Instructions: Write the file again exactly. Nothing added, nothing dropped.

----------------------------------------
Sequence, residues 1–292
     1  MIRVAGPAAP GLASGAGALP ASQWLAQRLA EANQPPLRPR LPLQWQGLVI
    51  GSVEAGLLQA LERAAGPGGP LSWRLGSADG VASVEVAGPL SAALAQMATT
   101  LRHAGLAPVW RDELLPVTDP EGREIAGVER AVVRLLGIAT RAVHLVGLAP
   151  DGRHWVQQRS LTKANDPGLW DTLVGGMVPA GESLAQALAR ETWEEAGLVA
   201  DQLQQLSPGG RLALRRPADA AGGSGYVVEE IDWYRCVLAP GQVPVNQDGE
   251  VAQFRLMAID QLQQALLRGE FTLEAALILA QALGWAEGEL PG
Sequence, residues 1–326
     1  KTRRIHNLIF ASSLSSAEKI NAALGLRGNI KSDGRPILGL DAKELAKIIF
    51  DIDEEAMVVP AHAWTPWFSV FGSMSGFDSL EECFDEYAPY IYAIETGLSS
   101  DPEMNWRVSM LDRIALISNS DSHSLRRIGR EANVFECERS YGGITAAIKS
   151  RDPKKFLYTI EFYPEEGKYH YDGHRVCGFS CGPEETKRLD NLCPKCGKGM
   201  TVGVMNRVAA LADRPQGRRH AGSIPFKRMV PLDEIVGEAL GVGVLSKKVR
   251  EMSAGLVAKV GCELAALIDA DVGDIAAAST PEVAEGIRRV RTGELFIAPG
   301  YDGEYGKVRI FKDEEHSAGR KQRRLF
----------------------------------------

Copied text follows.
Sequence, residues 1–292
     1  MIRVAGPAAP GLASGAGALP ASQWLAQRLA EANQPPLRPR LPLQWQGLVI
    51  GSVEAGLLQA LERAAGPGGP LSWRLGSADG VASVEVAGPL SAALAQMATT
   101  LRHAGLAPVW RDELLPVTDP EGREIAGVER AVVRLLGIAT RAVHLVGLAP
   151  DGRHWVQQRS LTKANDPGLW DTLVGGMVPA GESLAQALAR ETWEEAGLVA
   201  DQLQQLSPGG RLALRRPADA AGGSGYVVEE IDWYRCVLAP GQVPVNQDGE
   251  VAQFRLMAID QLQQALLRGE FTLEAALILA QALGWAEGEL PG
Sequence, residues 1–326
     1  KTRRIHNLIF ASSLSSAEKI NAALGLRGNI KSDGRPILGL DAKELAKIIF
    51  DIDEEAMVVP AHAWTPWFSV FGSMSGFDSL EECFDEYAPY IYAIETGLSS
   101  DPEMNWRVSM LDRIALISNS DSHSLRRIGR EANVFECERS YGGITAAIKS
   151  RDPKKFLYTI EFYPEEGKYH YDGHRVCGFS CGPEETKRLD NLCPKCGKGM
   201  TVGVMNRVAA LADRPQGRRH AGSIPFKRMV PLDEIVGEAL GVGVLSKKVR
   251  EMSAGLVAKV GCELAALIDA DVGDIAAAST PEVAEGIRRV RTGELFIAPG
   301  YDGEYGKVRI FKDEEHSAGR KQRRLF